Harold Redekopp – Toronto
This past November I was fortunate to be part of a Coady International Institute study tour of India and Nepal. I was naturally interested in the powerful new images that have recently emerged of India, fed by its success in information technology, offshore call centres and Bollywood films. And I wanted to know more about the dramatic economic and social changes occurring in places such as Mumbai and Bangalore. There are apparently some 300 million middle class Indians who are competing head-on with Canadians and Americans for global business opportunities and ready to eat our lunch.
At the same time, I had read that approximately 750 million of India's 1.1 billion people continue to live in its 680,000 villages, almost half of which lack access to all weather roads, and many are not in reach of effective primary healthcare centres or competent elementary schools. Almost half of India's women do not know how to read or write, and a large proportion of those who are technically literate can do little more than sign their name. Clearly, India is a country of vast contrasts. And I was keen to see what difference the work Coady graduates was making to lives of the poor in both India and Nepal.
My connection to the Coady International Institute began about 5 years ago when I joined its Advisory Committee. Established 50 years ago by St Francis Xavier University in Antigonish, Nova Scotia , the Coady International Institute was given a mandate to train leaders from around the world in the principles and practice of a people-based approach to development. This approach to development originated in the 1920's as a response to the poverty afflicting farmers, fishers, miners and other disadvantaged groups in Atlantic Canada. Today, Coady has more than 5000 graduates and partners working on the ground in 130 countries -- two of which are India and Nepal.
Our study tour included the President of StFX University, the Director of Coady plus 11 Coady supporters from across the country. We began our tour in Ahmedabad, India, home of Mohandis (Mahatma) Ghandi and his Ashram. Ahmedabad is also the headquarters of the SEWA (Self Employed Women?s Association) Bank which has had a 10 year relationship with Coady and its graduates. Founded in 1956 by Elaben Bhatt as a trade union of poor, self-employed women textile workers, SEWA is currently the largest union in the country with around 1.1 million members. It has forced politicians to pay attention to its issues.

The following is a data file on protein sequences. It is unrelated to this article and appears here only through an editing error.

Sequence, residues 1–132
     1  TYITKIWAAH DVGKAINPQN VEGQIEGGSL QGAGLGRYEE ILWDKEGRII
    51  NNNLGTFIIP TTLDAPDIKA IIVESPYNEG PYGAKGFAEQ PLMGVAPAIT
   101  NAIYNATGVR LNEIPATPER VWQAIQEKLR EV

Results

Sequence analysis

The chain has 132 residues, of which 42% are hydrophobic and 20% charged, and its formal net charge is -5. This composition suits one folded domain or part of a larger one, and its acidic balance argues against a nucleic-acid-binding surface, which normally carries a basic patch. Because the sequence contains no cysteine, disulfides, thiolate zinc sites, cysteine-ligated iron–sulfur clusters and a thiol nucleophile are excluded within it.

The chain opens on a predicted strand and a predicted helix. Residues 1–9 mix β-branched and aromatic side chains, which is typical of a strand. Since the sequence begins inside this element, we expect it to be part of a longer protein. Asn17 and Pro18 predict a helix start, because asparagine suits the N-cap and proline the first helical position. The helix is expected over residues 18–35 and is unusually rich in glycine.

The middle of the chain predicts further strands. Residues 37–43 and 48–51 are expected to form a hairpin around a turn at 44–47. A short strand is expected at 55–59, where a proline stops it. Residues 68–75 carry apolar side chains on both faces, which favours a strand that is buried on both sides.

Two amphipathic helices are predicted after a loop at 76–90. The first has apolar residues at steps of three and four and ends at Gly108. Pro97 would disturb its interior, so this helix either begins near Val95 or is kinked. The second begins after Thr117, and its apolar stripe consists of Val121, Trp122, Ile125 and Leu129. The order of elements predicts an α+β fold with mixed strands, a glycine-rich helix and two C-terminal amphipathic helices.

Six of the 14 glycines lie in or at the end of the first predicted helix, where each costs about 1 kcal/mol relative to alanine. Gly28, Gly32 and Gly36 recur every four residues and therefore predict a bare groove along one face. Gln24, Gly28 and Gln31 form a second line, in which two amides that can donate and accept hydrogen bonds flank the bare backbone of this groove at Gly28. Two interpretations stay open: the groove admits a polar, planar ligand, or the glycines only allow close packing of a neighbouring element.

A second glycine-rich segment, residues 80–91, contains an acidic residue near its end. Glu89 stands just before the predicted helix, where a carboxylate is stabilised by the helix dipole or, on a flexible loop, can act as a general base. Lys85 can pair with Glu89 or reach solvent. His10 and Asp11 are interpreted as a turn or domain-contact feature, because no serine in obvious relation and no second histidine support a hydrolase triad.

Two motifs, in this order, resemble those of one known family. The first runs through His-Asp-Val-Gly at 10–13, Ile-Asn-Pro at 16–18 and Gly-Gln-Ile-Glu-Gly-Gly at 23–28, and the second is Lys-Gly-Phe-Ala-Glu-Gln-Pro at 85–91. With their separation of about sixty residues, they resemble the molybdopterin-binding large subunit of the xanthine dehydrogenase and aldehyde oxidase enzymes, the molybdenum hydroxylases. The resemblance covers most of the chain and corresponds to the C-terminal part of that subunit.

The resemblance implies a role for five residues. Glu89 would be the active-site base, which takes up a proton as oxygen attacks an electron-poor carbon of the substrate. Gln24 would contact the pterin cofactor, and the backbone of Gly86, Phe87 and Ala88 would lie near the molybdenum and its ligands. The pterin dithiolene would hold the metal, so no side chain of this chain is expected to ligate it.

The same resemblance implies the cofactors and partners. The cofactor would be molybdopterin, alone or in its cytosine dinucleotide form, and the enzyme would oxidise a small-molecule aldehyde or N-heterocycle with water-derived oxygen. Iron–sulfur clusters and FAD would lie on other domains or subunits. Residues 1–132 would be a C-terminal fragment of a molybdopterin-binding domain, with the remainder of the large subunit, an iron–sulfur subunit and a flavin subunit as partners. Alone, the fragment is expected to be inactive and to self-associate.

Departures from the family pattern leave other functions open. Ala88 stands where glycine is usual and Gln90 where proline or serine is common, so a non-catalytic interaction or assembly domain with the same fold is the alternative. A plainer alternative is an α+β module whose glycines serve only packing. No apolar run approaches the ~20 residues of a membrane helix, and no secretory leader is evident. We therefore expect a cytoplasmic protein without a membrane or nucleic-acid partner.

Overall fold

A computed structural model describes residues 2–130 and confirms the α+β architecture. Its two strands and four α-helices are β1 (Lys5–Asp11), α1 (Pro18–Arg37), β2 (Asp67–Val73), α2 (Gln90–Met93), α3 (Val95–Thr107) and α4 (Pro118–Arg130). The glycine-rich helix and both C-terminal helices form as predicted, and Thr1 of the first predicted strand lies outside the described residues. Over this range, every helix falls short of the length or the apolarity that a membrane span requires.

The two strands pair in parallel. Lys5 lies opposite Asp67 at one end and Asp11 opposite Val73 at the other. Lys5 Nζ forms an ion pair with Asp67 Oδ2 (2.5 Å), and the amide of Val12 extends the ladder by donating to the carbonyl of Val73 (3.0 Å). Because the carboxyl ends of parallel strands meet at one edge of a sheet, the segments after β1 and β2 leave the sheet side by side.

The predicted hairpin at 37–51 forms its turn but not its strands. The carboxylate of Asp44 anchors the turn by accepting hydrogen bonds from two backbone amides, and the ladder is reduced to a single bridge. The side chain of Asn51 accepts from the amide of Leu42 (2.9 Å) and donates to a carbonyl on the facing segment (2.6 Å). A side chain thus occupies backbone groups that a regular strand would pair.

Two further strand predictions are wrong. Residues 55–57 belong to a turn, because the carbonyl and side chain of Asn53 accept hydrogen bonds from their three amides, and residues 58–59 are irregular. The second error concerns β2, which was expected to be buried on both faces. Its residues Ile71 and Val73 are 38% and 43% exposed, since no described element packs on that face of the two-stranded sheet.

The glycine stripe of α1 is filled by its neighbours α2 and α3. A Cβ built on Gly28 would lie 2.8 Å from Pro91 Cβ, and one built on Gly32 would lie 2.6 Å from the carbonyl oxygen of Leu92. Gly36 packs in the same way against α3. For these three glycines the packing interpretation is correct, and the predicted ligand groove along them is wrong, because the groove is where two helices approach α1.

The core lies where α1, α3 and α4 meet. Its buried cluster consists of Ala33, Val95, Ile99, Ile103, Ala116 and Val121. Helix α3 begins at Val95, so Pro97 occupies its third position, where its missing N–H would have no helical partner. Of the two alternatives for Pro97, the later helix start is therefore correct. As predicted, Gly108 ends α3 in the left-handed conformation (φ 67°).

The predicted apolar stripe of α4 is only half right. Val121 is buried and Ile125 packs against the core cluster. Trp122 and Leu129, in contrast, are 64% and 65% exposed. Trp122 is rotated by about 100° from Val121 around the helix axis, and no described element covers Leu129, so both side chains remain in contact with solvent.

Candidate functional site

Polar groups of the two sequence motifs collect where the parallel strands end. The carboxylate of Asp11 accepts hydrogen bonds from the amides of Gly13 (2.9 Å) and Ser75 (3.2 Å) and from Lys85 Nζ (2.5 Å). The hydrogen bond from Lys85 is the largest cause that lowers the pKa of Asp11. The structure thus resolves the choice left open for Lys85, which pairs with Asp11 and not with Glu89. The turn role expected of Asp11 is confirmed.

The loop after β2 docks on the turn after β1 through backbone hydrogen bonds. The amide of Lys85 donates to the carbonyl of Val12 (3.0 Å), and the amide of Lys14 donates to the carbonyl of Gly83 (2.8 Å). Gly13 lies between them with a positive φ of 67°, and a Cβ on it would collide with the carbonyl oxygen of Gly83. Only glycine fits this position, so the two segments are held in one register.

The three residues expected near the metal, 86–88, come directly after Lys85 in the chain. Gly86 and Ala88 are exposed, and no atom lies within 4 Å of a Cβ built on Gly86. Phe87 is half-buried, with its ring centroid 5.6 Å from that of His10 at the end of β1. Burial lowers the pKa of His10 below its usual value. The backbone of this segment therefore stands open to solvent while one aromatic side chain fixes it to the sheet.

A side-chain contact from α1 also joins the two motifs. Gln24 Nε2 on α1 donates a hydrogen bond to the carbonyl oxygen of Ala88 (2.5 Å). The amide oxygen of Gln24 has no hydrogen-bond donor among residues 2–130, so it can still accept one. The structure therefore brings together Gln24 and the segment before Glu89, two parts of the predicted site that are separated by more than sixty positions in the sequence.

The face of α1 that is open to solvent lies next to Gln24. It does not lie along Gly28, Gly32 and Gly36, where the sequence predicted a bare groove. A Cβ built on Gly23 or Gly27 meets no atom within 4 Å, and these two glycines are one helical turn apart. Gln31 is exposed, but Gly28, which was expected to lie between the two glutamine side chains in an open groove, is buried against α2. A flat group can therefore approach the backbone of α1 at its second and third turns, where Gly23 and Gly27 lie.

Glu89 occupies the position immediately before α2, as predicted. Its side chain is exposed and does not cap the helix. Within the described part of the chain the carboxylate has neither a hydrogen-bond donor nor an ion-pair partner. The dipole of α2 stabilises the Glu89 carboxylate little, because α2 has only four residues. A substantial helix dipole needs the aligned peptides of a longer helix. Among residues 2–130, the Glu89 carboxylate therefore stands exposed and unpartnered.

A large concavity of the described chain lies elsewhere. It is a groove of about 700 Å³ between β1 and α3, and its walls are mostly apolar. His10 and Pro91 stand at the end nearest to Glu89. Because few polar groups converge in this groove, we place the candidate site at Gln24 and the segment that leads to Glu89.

The SEWA Bank, established in 1972, has permitted women to escape the clutches of private money lenders (loan sharks) and it has dramatically improved the members' ability to feed themselves and their families. Essentially, the SEWA Bank offers poor, economically active women three services: savings, credit and insurance. To hear these women tell us confidently about their plans to improve their lives -- this was undoubtedly one on the most inspiring aspects of the trip.
Jayshree Vyas, SEWA Bank's Managing Director, is currently planning a national financial literacy drive to reach 1.5 million poor people in 10 Indian states. Jayshree is organizing a team of trainers equipping them with impressive, culturally specific study guides. I suggested to Jayshree that had she launched a similar program for North Americans, we might have avoided the recent financial meltdown.
(above) Financial instruction in the classroom at SEWA Bank.
From Ahmedabad, we flew to Mumbai and witnessed the work of Catholic priests and nuns among Pardhi tribal people living literally at the side of Grant Road in the slums. Later, we met with womens' self-help groups involved with income generating programs. An unbelievably tough existence - and yet even here, desperate lives exhibited a belief in the possibility of achieving a full and abundant life.
From Mumbai we flew to Jaipur and visited Coady graduates working with the Jewelry Artisans Development Project. Then on to Delhi where we visited one of the very poorest slum communities of rag pickers. Life doesn't get much tougher than being a rag picker. Again, Father Susai Sebastian and his Sister colleagues provided workers with training and hope to improve their lives incrementally. While in Delhi, the Canadian High Commissioner, Joseph Caron, hosted a 50th Coady anniversary evening at his lovely, spacious official residence.
Our trip ended with an opportunity to observe the truly impressive results of Coady graduates' work in Gaindakot -- a short flight from Kathmandu via Buddha Airways into rural Nepal.
Here, they had clearly put into action the Coady principles they had absorbed as part of their course work in Antigonish. The welcoming sign announced "Sahmati: A Coady Village in Action". This "village" represented the collective efforts of a number of NGOs and foundations, including Coady. We heard reports of self-help initiatives that included building a school, supporting small irrigation projects, constructing public toilets (the chief cause of death is diarrhea, a consequence of poor sanitation) and ensuring safe drinking water.
Next we heard about a rural youth development program that focuses on improving the quality of education, particularly as it relates to employment opportunities in agriculture (90% of adults are farmers). We saw the fruits of micro-finance activity, including a small enterprise that processes lemon grass oil and produces herbal teas which are advertised as a healthy alternative to the growing consumption of alcohol. One of the "village's" proudest achievements was its SAHAJ Health Cooperative -- phase one of a new community hospital. It was clearly evident that the entire rural community of Gaindakot was being transformed through the leadership of Nepalis who had put into practice the Coady principles of people-based approach to development.